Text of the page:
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By Alli Yates
Writing about my chronic illness is a tricky undertaking. Sitting, thinking, and expressing myself will almost certainly render my body more aching, more dizzy, and more confused than I was in the first place.
If I do try to spill my thoughts somewhere, there’s ritual involved. When I wake up, I identify what hurts. Usually I have a strange fever of sorts. Extreme nausea. Heavy headache. Deep, aching pain in my legs, back, arms, neck. Ringing ears. Cold feet. Usually it takes an hour or two for my mind to make clear thoughts. I’m a fog child for a while, sometimes all day, but if I’m lucky, just for a while. Depending on my level of energy, I might be able to eat something, slurp at a glass of water, take a Tylenol if I‘m feeling wild. But usually, I unfurl my creaking limbs into a sitting position. I fumble for my computer and I stare at the wall long enough until semi-coherent thoughts form into legible words and dare my fingers to try to make them appear on a screen.
For me, sickness is a difficult notion to represent. But it’s being done.
Annie Murphy’s 12-minute film, “Shit People Say to Sick and Disabled Queers,” was featured at San Francisco’s National Queer Arts Festival during a show called SICK, which explored chronic illness through a genderqueer lens. With brutal accuracy and dark wryness, the film depicts various ablest comments, questions, and behaviors often faced by people with chronic/disabling illness and conditions. Halfway through the film, the conversation shifts. It’s no longer just about what people say to or about sick folks. A new title clip introduces: “Shit Sick and Disabled Queers Say.” In the following scene, there is a person onscreen, lying down with covered eyes, who with effort announces the first take of the segment, saying “Take one.” A quick cross-dissolve transitions into the next clip, the same speaker announces the same title, but now it’s take two. After these words are uttered, there’s a pause, an intake of breath, and “Why did I agree to do this video…?”
While the film’s content should be appreciated on multiple levels, what I am most moved by here is the careful and critical demonstration of what it means for many individuals with chronic illnesses to actually represent themselves. To be sick and to be involved in a process of communicating one’s sickness involves a series of chronic repetitions, aching articulations and dizzying reconsiderations of the process itself. Writing into this blank page at this very moment, I am inconsistent. I stop after typing a few sentences to lie down to wait out a hot flash or sit through the deep urge to vomit. As I literally fluctuate over and over again, I wonder about my own message. Am I able to translate my illness into words? Can I make meaning or sense out of this condition (or, moreover, does whatever I write, say, or ‘produce’ actually mean anything if it is written in sickness, if its form reflects the strangeness of my body, if my method falls outside of normative conceptions of communication and production?)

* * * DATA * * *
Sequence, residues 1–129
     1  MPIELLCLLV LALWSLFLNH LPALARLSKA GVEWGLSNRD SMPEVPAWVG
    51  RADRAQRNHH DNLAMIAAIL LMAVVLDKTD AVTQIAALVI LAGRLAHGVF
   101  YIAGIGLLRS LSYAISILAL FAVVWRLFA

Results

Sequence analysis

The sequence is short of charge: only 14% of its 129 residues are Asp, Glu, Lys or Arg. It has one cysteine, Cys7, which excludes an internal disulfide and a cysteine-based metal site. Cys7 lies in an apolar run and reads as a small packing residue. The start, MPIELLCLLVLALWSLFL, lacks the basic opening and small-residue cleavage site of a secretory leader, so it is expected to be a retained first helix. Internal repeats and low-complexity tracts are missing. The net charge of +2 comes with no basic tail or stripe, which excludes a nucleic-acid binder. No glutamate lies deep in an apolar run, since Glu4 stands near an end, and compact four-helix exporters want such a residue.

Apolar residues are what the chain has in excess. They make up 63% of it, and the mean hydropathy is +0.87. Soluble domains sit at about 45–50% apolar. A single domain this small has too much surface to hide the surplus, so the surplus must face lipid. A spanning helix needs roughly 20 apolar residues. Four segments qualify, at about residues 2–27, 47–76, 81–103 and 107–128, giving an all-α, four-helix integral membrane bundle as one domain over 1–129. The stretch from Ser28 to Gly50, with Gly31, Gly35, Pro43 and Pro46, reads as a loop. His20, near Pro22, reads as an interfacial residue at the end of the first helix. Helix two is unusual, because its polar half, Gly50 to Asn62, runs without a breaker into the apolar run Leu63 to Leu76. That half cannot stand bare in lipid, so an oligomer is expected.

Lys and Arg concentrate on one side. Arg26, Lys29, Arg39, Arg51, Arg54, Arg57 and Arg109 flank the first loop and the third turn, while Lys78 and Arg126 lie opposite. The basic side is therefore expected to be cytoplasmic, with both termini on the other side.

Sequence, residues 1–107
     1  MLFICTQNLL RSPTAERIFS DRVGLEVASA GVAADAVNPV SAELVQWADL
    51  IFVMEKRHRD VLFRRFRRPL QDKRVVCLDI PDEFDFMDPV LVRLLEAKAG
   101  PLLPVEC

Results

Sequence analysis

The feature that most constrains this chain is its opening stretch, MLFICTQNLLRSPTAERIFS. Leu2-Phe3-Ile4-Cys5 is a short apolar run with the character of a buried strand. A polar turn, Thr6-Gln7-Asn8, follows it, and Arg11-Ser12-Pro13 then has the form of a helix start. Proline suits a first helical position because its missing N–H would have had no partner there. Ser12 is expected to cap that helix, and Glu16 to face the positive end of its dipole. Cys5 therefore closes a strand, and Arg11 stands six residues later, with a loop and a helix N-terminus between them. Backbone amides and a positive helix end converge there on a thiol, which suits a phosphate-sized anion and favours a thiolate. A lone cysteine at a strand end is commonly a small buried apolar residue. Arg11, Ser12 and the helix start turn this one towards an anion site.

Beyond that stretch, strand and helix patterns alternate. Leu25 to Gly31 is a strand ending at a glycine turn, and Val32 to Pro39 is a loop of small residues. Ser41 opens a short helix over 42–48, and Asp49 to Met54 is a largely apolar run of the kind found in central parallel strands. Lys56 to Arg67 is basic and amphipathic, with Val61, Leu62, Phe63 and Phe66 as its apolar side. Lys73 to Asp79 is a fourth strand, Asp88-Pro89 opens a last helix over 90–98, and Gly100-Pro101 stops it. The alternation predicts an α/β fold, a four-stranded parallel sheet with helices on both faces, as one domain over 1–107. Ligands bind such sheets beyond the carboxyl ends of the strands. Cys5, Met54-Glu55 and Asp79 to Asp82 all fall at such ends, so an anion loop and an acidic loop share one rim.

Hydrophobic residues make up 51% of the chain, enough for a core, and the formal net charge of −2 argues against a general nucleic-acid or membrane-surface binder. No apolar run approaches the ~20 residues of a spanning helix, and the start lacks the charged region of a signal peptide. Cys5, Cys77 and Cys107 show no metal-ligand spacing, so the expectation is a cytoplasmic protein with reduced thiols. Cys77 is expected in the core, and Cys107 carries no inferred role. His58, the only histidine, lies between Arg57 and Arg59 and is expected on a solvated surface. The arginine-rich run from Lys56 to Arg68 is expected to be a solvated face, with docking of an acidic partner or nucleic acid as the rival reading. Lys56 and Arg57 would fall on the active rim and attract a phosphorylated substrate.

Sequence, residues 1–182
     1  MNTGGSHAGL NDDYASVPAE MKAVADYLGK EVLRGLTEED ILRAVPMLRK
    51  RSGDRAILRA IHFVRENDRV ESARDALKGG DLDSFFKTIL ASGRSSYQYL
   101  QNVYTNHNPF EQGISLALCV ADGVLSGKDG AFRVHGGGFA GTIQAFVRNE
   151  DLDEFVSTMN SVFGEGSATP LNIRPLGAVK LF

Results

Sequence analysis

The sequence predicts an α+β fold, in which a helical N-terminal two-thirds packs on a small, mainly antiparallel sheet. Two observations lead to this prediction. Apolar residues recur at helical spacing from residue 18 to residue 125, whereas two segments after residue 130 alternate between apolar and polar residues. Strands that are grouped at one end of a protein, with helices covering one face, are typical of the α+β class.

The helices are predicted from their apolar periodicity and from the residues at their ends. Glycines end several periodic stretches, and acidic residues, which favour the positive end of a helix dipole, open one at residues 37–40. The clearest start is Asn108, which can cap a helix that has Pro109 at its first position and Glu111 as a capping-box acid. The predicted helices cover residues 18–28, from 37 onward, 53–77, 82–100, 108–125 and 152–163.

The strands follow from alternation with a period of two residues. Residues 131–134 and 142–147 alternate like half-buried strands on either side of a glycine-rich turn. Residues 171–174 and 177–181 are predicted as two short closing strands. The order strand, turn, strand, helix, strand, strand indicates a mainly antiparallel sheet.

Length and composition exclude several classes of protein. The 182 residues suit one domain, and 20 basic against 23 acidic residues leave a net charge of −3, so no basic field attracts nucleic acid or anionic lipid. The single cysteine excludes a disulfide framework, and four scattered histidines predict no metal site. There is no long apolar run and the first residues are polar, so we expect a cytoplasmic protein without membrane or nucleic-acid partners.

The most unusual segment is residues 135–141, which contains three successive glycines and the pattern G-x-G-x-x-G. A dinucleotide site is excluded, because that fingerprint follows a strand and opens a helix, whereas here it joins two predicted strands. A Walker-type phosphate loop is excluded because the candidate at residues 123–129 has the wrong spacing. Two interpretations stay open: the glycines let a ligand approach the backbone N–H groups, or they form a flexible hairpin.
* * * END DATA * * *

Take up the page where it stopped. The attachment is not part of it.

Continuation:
Last spring, I was (somewhat surprisingly) able to attend a talk by Elizabeth Freeman, an English professor from UC Davis. She shared a paper-in-the-making with the Gender and Women’s Studies department at UC Berkeley (1). Part of Freeman’s talk analyzed a novella, Melanctha, by Gertrude Stein, whose protagonist is a chronically ill woman of color. The language through which Stein’s character communicates is strange in that it is extremely repetitive. The same thoughts, the same dry-bone phrases are uttered time after time – in a similar mode of my aching body as it navigates the morning. But maybe, Freeman suggests, these repetitions are more complicated than they appear. Maybe the repetitive routines and patterns aren’t just about monotony. Upon closer analysis, Freeman explains, the words of Melanctha vary, slightly and barely, but just so – shifting in form and content each time they reappear. My body, too, is not simply a repeating, predictable collection of mechanisms and routines. Freeman calls for a disruption of such a reductionist picture of chronic life, introducing what she calls queer chronicity. Chronic bodies, Freeman argues, are queer subjects in that they resist a “building towards wholeness.” They are difficult to represent. They are liminal. And perhaps, each daily routine of pain and ritual felt by a chronic body is distinct and strange every time it occurs.
Without making a more thorough account of Freeman’s talk – an account which should consider the implications of the usage of ‘queer’ to describe a disability, or trouble the ways in which academic analyses of disability often marginalize or exclude people with disabilities – I want to underscore here her notion of queer chronicity. Freeman notes that this thought-experiment is not meant to gloss over the endlessly painful and frustrating experiences of people with chronic illnesses. Rather, this idea is a suggestion for disruption. It involves subjects who appear to be basic and repetitious in action, but in actuality are constantly changing, creating meaning in the small spaces of morning ritual, brain fog, and peculiar time zones. Chronic life, then, is not just about the reoccurrence of identical experiences and rituals over and over again, but a flexible space that often refuses to offer obvious significance. Because of my partiality for a certain type of jargon and my own experiences as a queer, chronically ill individual, I felt something like a paradigm shift after attending Freeman’s talk. My illness, in all of its altered time, intoxicating fatigue, and stretched-out feelings of numb confusion certainly does involve mundane repetition. But such a chronic life, as Freeman argues, can also be read as something exceptional, strange, and reimaginative. Within sick struggles are spaces for strange pleasure and cautious celebration of a queer, chronic body. Such a body refuses emphasis on production, embracing instead perverse repetitions and bizarre reorientations with worlds.